Who Wins When We Rivalize Women?

Audra Rhodes
4 min readMar 9, 2021


The following newsletter was written in June of 2019.

Earlier this week, we tapped into a worrying trend of cherry-picking acceptable female behavior when Nicole Curran, wife of Warriors owner Joe Lacob, leaned across Beyonce courtside to offer her and her husband a drink.

To retrodict the evening, Curran told ESPN “there was no hostility,” adding that she was simply “trying to be a good hostess.” But within minutes, the exchange went viral galvanizing responses that ran a monochromatic spectrum of “PSA: Don’t Lean Over Beyonce,” to “I would leave the Earth if Beyonce looked this ready to smack me,” and prompting a swarm of bee emojis on each of her Instagram posts.

The subtext to this frenzy is that however enlightened we perceive our “feminism project,” the cultural normalcy of rivalizing women for sport persists, and isn’t always offloaded into our laps directly by men. But often, by one another. “Y tho?” may very well be my epitaph.

I’m reminded of the Chimamanda Ngozi Adichie proverb Beyonce samples in her 2013 Flawless and subsequent Homecoming:

We raise girls to see each other as competitors

Not for jobs or for accomplishments

Which I think can be a good thing

But for the attention of men

It isn’t a novel concept, I know; I use the recent escalation as an example because the social reactions and bylines highlight it’s gendered, speculative and bully-ish nature, but of course we see the same thing in our own personal lives, only with less bee emojis.

Last month, Phoebe Waller-Bridge flagged a network’s response to her acclaimed series Fleabag: “oh, but we’ve already got a woman show” and it stuck with me across a multitude of social and professional interactions whereby female co-existence is challenged. Like Waller-Bridge, we’ve all experienced deceptive cycles of not being given enough elbow room and told ‘but there’s an abundance of arm rests!’

“If women are told that there aren’t enough jobs or relationships, success or happiness for everyone,” Octavia Bright writes for ELLE, “then it creates a dynamic of scarcity that thrives on fear. Everything becomes a competition, and women end up encouraged to pit themselves against one another.” Of course, scarcity is not something that only afflicts women — it’s offspring, burnout culture, is an issue for most millennials. But it’s worthwhile to remember, for comparison, Jake Gyllenhaal leaning over Jay-Z courtside in 2014 which skated right past online capital punishment and into wholesome-meme territory.

Now, competition, I know, is not without purpose: it can trigger growth, momentum, hustle — but is hustle culture not also a clever tool of misogyny, repackaging “the American dream” and nudging women to hop on a self-improvement treadmill to outrun one another?

An unintended consequence of this, researchers have found, is that women find themselves heel-to-heel with one another for a predetermined allotment of spaces for them. Last year, for example, women earned over two-thirds of postgraduate degrees but Fortune 500 CEO offices were filled by only 6.6% of women with just *one* woman of color in a Fortune 500 C-Suite — that’s 0.2%, hitting women of color disproportionately hard. Ross Perlin, author of Intern Nation, estimated 77% of unpaid internships are women. To make ourselves as qualified as possible for jobs, relationships and happiness we’re told there aren’t enough, we “pay our dues,” optimize, optimize, optimize, and accept the onus of systemic failures and it’s side effects, eg. burnout, depression and anxiety instead as our own.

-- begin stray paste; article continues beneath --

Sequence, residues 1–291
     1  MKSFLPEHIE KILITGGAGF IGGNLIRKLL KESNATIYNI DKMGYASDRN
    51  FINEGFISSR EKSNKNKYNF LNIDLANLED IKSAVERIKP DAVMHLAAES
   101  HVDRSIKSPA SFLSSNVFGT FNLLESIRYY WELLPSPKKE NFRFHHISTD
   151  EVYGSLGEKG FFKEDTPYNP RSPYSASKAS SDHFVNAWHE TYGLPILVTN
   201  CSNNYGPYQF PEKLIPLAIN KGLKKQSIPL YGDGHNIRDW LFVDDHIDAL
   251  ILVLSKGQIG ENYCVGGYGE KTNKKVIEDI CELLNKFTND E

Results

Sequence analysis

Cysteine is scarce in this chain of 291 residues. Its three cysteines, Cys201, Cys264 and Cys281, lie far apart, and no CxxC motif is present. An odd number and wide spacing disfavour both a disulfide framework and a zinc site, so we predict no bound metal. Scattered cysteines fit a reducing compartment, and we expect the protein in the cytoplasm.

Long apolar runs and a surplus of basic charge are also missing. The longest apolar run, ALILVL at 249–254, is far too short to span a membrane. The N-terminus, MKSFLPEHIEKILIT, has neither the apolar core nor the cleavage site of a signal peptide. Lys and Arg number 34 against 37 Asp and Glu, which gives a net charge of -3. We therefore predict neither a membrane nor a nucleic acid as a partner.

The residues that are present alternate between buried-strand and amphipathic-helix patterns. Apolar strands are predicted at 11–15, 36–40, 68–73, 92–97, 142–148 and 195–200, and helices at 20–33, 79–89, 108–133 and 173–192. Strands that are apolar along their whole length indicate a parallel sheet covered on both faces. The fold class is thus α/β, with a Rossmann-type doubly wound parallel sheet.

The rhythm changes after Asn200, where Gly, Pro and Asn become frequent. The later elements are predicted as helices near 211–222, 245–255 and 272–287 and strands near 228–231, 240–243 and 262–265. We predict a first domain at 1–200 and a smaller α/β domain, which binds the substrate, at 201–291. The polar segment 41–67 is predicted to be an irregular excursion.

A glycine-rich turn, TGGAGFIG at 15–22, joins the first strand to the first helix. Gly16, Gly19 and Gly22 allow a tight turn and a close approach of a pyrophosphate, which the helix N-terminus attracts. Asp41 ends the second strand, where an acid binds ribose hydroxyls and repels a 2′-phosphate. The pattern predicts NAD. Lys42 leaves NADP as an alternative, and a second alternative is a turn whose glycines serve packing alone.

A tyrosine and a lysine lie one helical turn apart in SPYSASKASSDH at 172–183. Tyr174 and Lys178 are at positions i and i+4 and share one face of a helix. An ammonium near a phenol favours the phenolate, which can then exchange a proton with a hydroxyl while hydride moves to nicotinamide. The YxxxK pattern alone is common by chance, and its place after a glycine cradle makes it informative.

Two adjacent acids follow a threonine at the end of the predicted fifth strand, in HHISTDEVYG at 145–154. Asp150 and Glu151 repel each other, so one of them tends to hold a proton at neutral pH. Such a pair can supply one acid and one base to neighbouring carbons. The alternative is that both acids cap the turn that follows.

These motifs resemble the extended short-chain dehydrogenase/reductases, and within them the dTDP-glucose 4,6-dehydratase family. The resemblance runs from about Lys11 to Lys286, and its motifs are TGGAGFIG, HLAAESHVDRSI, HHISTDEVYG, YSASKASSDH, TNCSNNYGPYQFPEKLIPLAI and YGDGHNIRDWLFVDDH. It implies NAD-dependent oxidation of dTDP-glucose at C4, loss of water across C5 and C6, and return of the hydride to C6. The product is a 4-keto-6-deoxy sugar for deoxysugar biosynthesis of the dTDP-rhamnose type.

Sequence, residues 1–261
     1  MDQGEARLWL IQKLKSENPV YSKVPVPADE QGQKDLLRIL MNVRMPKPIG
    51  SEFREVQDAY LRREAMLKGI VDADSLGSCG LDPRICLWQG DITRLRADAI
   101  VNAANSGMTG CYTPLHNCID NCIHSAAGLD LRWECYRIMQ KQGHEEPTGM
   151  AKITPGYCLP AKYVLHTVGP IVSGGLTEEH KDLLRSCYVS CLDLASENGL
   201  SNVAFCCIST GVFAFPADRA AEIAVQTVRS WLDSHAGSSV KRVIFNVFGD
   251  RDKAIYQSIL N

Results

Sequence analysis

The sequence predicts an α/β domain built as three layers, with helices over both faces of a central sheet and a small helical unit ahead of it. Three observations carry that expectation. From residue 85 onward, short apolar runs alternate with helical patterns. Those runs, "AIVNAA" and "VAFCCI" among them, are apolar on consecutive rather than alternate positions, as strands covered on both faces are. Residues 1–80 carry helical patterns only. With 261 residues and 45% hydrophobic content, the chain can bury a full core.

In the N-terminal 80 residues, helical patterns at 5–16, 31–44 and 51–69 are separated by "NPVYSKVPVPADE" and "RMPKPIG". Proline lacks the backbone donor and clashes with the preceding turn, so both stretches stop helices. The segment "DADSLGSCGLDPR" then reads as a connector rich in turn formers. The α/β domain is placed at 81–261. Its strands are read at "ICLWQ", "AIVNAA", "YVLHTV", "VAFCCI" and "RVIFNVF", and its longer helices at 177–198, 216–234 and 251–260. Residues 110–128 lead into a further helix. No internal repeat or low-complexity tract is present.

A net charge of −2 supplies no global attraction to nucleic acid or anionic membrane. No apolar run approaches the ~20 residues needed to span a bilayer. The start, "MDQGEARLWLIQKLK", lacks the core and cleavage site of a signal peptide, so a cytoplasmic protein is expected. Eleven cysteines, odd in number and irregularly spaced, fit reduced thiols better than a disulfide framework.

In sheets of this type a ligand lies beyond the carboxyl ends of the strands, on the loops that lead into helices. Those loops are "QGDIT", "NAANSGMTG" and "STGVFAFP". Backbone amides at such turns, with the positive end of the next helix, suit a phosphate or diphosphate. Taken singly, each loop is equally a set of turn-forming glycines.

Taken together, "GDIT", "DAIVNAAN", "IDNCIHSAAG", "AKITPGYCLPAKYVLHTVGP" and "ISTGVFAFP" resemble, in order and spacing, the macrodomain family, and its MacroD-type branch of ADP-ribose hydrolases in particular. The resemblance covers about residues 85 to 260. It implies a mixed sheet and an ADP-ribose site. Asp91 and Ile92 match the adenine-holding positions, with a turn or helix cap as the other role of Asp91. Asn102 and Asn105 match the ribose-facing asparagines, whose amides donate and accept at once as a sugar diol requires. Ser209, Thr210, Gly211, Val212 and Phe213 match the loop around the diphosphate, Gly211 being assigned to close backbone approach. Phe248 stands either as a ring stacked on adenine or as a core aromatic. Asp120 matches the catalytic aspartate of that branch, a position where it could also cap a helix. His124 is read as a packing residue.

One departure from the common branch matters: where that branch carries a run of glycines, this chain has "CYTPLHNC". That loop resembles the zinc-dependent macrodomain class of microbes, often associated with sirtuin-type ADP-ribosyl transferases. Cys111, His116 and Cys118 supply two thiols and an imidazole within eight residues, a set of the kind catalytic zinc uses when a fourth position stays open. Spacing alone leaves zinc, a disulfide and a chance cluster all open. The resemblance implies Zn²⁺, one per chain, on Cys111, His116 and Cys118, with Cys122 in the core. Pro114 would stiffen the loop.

According to Suky Macpherson, PhD, the nexus between scarcity and rivalry is exacerbated by our social channels and encourages us to be mindful of how media outlets recycle these themes because it commodifies our fear, “they know it’s bear-baiting, gladiatorial, it’s the modern day equivalent of two gladiators in the ring but now, it’s women.” Macpherson explains our organizational culture is a byproduct of looking through the lens of a patriarchal perspective and social expectations can therefore be influenced by constructive conversation and critical reflecting on our behavior both as participants and bystanders. “We’re quite governed by fear at the moment,” she says, suggesting that we remember that our “acceptance and support of women and resistance to societal norms that don’t reflect our values” is the antidote to that fear.

I’d like to think that progress is starkly in motion — that our version of feminism is ebbing and flowing with greater intent — smarter, not harder. It’s easy to conjecture. It’s even easier to ignore it. But that’s how norms get normalized. The most important thing, for me, to remember is that feminism is about empowering women to make their own choices and while every society, however illuminated, will always produce norms, we, as cultural harbingers, get to choose how critically, intentionally and compassionately we respond to them.

Now that I put pen to paper, it’s abundantly clear to me that I find the subject of scarcity so personally vexing because it elucidates the vulnerability of the simple virtue that I find most dear and elusive: that I belong. As an adolescent tormented by rumors and mistruths, I wanted to belong so badly. And I still do. I want to be seen as enough. And as long as one woman’s success is perceived as another’s inadequacy, one woman’s lemonade, another’s lemons, systemic failures that require we get in formation to enact meaningful change will go on in disguise, masqueraded as individual failures of women who weren’t enough.



Audra Rhodes

Aquarius sun, Oprah moon, Michael Jordan rising.